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What Having A Medical Team Actually Means

It’s quite common for a new WholeHealth Chicago patient filling out our forms to answer the “How can we help?” inquiry with “I’m seeing too many doctors and they don’t communicate with each other” or “I want all my health care in one place with one doctor who knows me.”  Having worked as part of a small group for more 20 years, it’s hard for me to grasp how bloated and unwieldy health care became when I wasn’t looking.

I get a sense of its true bloatedness when I review the stack of medical records our new patient brings in. Looking at the numerous referrals to specialists, repetitive tests and x rays, and surgical procedures of dubious worth I think, “She’s right. There’s no one in charge.”

Yes, she has a theoretical primary care physician (PCP) selected from an insurance “Provider Directory,” but with her insurance constantly changing she’s lucky if she gets in a single visit before she (or her PCP) moves to another medical group. Add to this the fact that in the huge medical groups–the ones that own hospitals and medical offices with physicians as employees– referrals to specialists are encouraged. Specialists perform surgeries, and surgeries are the cash cow of health care. Simple stuff gets referred out.

Although this patient’s PCP could perform her Pap smear in five minutes flat, instead she’s sent to a gynecologist. She’ll be sent to a dermatologist for a patch of eczema (the biopsy will be an extra charge), a gastroenterologist for constipation (the colonoscopy an extra charge), and a rheumatologist for aches and pains (more blood tests than she has blood, all at extra charge).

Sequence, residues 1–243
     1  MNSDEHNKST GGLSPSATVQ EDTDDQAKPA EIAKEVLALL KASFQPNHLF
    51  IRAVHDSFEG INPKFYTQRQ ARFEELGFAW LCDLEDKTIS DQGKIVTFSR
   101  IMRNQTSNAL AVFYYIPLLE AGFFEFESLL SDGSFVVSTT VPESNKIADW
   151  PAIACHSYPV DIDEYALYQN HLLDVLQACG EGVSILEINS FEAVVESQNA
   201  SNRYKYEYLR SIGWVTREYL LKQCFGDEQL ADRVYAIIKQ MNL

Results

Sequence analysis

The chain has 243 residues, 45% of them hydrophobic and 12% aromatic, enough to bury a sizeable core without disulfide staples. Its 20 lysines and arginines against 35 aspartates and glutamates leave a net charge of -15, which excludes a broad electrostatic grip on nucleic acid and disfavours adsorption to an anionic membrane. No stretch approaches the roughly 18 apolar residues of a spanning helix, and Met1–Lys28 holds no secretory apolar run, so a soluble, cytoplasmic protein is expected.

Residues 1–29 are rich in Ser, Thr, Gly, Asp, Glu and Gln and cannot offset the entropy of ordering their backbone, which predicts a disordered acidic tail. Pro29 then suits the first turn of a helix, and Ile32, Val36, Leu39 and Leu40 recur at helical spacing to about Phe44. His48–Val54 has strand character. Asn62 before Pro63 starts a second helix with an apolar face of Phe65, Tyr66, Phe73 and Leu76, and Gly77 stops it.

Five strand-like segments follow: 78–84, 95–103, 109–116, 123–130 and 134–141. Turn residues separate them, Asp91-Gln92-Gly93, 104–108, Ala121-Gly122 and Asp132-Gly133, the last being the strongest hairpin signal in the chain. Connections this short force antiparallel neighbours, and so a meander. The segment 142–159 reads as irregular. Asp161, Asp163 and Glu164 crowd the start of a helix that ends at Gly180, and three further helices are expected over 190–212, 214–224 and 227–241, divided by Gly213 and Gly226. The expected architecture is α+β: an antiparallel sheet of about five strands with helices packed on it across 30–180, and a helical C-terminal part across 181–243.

Most likely none of these physicians, neither the PCP nor the specialists, actually know each other, couldn’t place a name with a face on a bet and never talk on the phone or communicate by e-mail. At one time, it was hoped that electronic medical records (EMRs) would solve these communication problems, but EMRs have been a major disappointment for one simple reason: no two EMR systems are able to share information. Unless your PCP and dermatologist are both employees of say, Northwestern, your PCP will probably never know what happened at the dermatologist’s office.

And when it comes to two competing healthcare giants, like Rush and Northwestern, there’s probably a better line of communication between Israel and the PLO.

If you’re basically healthy and take care of yourself, you really don’t need a medical team—one visit every couple of years is plenty. Obviously your care becomes more complex if chronic conditions develop, and in this case communication between and among physicians is of utmost importance, if only to save you superfluous doctoring. With a little effort, it’s possible to locate a primary care doctor (who actually gets to know you and your problems) to act as a health care system ombudsman and a mouthpiece when you’re dealing with specialists.